# Using the p-value for a goodness-of-fit test to choose a distribution or transformation

## Interpret a goodness-of-fit test and choose a distribution

For a significance level, α, chosen before you conduct your test, a p-value (P) less than α indicates that the data do not follow that distribution.

Minitab performs goodness-of-fit tests on your data for a variety of distributions and estimates their parameters. Choose the distribution that best fits your data, and is most appropriate for your analysis. If more than one distribution fits your data, select the distribution with the largest p-value.

1. Look only at the basic distributions first (do not consider distributions with threshold parameters, like the 2-parameter exponential or 3-parameter lognormal).
2. Determine which distributions have the highest p-values. If none of the distributions have p-values greater than your alpha value (0.05), then none of the distributions adequately fit your data.
3. Consider the 2-parameter and 3-parameter variations of the distributions that seem to be adequate.
Among very close p-values, select either:
• A distribution that you have used previously for a similar data set.
• A distribution based on capability statistics.
• The distribution that is most conservative.

## Choose between a 3-parameter and a 2-parameter distribution

For every 3-parameter distribution except the Weibull distribution, there is no established method for calculating the p-value, so you must use the likelihood-ratio test (LRT).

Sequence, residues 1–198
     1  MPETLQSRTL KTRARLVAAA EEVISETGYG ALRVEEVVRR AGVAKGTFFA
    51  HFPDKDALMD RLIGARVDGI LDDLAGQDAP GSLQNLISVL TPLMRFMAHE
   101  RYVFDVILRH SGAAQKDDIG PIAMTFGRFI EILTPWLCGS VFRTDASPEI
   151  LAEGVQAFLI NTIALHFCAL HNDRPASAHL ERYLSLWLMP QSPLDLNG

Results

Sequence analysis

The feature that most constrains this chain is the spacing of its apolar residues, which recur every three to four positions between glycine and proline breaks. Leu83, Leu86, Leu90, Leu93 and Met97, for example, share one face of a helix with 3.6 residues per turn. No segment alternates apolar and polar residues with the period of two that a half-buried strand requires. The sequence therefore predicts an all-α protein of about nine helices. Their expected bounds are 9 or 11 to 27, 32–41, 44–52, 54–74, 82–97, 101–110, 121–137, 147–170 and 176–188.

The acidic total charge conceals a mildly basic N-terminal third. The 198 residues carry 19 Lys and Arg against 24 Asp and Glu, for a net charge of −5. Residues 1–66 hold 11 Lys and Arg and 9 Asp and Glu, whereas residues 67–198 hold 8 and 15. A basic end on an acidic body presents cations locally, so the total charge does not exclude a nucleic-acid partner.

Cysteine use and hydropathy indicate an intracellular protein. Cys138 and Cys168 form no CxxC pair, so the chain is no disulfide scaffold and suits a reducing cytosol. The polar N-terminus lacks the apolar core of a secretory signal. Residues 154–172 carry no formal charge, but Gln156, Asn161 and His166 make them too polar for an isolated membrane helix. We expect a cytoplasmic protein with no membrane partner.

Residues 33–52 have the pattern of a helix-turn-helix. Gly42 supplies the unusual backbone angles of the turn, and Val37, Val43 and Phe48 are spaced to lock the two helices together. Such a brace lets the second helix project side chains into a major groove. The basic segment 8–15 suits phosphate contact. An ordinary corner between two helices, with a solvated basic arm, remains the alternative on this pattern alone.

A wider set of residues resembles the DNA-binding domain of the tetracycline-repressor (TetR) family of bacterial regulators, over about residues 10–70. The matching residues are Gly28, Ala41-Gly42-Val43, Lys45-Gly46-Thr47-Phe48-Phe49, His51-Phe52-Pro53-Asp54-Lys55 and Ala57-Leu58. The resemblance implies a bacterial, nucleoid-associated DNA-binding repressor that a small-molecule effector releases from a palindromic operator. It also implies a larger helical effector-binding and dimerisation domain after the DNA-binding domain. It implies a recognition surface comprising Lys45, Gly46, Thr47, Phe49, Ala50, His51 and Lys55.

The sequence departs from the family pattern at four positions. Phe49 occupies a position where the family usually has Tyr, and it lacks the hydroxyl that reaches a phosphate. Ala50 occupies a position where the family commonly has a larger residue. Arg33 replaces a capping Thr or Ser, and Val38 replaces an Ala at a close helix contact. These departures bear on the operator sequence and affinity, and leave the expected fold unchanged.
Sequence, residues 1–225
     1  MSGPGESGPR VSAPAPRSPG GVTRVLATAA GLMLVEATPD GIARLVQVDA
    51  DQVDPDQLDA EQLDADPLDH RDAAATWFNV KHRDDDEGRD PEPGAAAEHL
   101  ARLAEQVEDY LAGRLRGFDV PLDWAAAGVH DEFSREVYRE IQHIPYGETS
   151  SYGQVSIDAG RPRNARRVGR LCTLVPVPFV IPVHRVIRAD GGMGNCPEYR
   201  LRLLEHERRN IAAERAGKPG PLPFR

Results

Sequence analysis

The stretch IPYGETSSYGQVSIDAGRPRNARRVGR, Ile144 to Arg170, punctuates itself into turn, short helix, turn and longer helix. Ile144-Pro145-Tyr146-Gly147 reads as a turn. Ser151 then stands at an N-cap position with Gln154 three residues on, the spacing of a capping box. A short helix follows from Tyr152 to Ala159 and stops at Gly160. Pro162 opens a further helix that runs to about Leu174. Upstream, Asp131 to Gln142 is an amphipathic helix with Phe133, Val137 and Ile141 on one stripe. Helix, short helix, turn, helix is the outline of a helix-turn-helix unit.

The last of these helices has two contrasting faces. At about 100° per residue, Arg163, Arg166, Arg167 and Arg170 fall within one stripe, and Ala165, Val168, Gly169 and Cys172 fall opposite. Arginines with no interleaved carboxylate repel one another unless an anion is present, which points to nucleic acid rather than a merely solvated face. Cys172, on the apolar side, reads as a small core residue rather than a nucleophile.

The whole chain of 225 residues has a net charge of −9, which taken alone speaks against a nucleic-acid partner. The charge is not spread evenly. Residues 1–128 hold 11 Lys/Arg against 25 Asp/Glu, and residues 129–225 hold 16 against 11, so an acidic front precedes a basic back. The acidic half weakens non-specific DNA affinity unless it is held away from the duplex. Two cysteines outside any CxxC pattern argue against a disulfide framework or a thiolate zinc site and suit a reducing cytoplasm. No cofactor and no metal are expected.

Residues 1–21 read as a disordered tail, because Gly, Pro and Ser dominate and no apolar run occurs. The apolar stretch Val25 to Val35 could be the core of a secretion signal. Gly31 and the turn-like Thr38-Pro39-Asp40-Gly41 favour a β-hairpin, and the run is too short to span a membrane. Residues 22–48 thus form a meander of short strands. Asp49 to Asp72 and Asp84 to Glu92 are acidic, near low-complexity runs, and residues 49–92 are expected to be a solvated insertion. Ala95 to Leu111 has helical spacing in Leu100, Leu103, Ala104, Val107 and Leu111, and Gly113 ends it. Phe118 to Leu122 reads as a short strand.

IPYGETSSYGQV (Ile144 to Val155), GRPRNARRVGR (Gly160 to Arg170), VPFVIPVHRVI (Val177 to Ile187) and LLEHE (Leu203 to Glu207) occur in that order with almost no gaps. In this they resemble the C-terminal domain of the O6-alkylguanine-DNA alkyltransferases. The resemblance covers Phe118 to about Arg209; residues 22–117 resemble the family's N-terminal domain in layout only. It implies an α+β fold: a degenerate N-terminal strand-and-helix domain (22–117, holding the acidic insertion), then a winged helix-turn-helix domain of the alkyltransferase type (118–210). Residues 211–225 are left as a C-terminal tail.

1. First examine the p-value for the corresponding two-parameter distribution to evaluate the fit.
2. Next examine the LRT p-value for the 3-parameter distribution to determine whether the 3-parameter distribution is significantly better than the two-parameter distribution. For Individual Distribution Identification, a likelihood ratio test p-value (LRT P) less than alpha indicates that, for distributions that have an optional extra parameter, adding this extra parameter significantly improves the distribution's fit. For example, LRT P helps you choose between the exponential distribution (which has 1 parameter) and the 2-parameter exponential distribution, or between the Weibull distribution (which has 2 parameters) and the 3-parameter Weibull distribution.

Also, a visual inspection of the probability plot combined with the Anderson-Darling value can help indicate whether the distribution is a good fit. However, it may be better to choose a distribution which has a calculated p-value and a similar Anderson-Darling value.

## Why are some p-values given as an approximation rather than an exact value?

For some distributions a closed form expression for the p-value exists and thus an exact p-value can be obtained. However, for certain other distributions a closed form expression does not exist but tables of ranges of p-values, obtained through simulation studies, are available. For these distributions Minitab can only report a lower and/or upper bound for the p-value.

## Why are some p-values shown as asterisks in the output?

An asterisk is displayed instead of a p-value for the 3-parameter lognormal, 3-parameter gamma, and 3-parameter loglogistic distributions. The asterisk indicates that Minitab cannot calculate a p-value for that distribution.

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